An outbreak of the Ebola virus that began in the Democratic Republic of the Congo (DRC) in early May has been declared over by the country’s health ministry.
A total of 53 people were infected, 29 of whom died. Forty-two days have now passed since the last person known to be infected was deemed free of the disease — the standard for declaring a country Ebola-free, and twice the maximum incubation period for the disease.
The outbreak was centred in remote rural regions of the northwestern Équateur Province, but cases were also reported in mid-May in Mbandaka, a city with a population of more than one million people that sits on the banks of the Congo River, a major transport route. That prompted fears that the disease could spread quickly both in the city and to other regions — as happened in the large 2014–16 Ebola epidemic in West Africa.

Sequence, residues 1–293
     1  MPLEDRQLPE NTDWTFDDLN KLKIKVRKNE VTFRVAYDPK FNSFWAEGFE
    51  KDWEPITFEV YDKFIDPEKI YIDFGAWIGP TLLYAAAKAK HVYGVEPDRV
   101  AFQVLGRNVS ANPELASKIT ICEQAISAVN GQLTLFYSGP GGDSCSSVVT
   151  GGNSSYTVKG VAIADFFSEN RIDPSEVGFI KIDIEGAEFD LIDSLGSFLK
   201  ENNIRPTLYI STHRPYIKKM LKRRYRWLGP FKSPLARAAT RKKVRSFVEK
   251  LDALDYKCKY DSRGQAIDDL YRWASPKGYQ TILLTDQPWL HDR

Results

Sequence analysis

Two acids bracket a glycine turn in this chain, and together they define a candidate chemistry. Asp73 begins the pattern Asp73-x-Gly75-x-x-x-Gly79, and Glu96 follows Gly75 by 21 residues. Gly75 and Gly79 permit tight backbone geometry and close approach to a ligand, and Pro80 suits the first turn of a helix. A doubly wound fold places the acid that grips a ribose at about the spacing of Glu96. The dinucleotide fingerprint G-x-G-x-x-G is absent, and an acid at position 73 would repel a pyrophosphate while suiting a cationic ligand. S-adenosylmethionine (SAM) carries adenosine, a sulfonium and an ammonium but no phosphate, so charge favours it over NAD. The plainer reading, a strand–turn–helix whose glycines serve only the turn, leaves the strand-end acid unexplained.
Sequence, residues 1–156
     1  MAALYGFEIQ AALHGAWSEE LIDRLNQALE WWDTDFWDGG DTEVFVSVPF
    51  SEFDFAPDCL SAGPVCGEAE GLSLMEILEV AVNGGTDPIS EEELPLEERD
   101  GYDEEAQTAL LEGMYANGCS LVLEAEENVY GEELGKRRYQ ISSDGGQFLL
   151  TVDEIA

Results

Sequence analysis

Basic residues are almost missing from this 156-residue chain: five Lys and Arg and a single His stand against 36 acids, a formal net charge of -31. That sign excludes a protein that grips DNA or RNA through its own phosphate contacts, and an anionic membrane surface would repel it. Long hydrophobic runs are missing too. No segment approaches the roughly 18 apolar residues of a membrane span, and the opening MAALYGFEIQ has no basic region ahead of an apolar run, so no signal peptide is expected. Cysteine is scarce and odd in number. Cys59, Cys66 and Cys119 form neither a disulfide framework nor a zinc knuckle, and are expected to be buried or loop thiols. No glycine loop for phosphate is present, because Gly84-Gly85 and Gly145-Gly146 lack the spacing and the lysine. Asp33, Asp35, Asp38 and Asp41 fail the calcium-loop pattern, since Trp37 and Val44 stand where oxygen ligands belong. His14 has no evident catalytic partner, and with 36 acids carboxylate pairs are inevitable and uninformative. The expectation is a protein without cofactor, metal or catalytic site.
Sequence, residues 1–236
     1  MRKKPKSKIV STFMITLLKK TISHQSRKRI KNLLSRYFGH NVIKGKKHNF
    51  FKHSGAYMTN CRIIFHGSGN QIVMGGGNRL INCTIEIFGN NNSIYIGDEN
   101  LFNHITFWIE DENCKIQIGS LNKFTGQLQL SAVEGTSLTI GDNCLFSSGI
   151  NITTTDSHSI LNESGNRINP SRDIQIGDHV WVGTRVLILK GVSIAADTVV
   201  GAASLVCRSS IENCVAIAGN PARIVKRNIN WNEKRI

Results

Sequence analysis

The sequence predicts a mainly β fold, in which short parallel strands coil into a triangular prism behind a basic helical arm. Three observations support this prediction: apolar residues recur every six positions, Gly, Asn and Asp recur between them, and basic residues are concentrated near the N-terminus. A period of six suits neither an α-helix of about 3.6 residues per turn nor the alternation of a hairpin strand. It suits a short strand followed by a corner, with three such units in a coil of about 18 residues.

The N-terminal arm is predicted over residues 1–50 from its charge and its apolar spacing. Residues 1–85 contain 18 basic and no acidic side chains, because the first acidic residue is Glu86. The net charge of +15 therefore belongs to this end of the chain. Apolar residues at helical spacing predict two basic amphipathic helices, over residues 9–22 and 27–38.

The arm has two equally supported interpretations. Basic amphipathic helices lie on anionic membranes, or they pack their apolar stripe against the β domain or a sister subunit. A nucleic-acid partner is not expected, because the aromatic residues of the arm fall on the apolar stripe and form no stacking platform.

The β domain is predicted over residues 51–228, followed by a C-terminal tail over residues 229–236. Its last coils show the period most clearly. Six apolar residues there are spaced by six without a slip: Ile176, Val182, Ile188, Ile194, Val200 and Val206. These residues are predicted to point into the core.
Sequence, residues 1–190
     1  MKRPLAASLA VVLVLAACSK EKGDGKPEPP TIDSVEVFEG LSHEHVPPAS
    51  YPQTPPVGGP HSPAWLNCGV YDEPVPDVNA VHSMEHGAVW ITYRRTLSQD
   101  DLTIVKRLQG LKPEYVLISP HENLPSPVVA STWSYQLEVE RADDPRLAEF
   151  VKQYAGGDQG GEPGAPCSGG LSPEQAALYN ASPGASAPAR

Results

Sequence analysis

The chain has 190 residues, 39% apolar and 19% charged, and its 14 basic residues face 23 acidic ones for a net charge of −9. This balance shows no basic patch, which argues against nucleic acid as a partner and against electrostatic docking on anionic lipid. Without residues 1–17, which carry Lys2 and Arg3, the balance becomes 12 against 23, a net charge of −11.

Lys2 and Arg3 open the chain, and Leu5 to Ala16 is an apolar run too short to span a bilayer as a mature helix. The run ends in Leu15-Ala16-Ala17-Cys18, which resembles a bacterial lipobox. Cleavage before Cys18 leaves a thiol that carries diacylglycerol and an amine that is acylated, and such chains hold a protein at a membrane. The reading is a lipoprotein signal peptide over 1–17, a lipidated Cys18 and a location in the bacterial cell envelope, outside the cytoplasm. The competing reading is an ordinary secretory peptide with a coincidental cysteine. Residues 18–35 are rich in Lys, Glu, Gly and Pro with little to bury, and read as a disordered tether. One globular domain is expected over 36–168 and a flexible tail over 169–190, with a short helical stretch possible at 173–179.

Learning from mistakes in that outbreak, the World Health Organization and other public-health bodies quickly gave the DRC support — including helping to deploy, for the first time early in an outbreak, several thousands of doses of an experimental Ebola vaccine. Health agencies used a ‘ring vaccination’ strategy: they immunized contacts of infected people, and their contacts, as well as front-line responders. Data from the deployment of the vaccine, which is made by Merck, are being analysed for insights into its efficacy.
The outbreak is the DRC’s ninth since the first ever known outbreak of Ebola virus occurred in the nation in 1976. The country has since become experienced at swiftly implementing the public-health measures needed to contain the virus’s spread, such as identifying new infections, monitoring and isolating people with whom infected people have had contact, and carrying out safe burials. Previous Ebola outbreaks in the DRC have also been contained in a matter of months.